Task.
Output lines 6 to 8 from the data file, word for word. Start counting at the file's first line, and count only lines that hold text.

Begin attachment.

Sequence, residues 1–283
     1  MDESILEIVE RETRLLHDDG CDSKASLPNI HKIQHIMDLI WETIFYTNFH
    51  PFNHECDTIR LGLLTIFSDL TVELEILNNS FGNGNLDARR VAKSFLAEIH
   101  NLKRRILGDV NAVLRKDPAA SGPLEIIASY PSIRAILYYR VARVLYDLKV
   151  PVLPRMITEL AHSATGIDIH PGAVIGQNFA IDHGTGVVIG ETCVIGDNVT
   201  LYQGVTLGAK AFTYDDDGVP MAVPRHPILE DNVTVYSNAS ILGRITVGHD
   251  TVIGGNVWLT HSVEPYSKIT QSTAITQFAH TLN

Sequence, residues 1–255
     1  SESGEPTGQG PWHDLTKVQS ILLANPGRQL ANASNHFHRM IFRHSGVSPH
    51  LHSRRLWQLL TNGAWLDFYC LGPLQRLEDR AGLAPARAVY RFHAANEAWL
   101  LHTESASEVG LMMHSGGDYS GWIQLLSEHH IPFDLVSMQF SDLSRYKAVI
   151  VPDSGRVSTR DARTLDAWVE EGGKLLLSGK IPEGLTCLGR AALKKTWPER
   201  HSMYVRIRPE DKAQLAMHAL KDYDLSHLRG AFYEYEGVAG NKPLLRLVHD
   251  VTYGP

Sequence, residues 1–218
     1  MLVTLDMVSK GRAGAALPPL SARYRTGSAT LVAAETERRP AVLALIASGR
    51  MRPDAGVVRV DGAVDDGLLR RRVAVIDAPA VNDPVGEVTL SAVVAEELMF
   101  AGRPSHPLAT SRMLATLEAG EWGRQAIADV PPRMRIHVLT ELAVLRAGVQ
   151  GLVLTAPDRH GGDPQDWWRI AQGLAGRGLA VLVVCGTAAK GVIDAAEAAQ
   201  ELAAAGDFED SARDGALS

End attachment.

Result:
   201  LYQGVTLGAK AFTYDDDGVP MAVPRHPILE DNVTVYSNAS ILGRITVGHD
   251  TVIGGNVWLT HSVEPYSKIT QSTAITQFAH TLN

Sequence, residues 1–255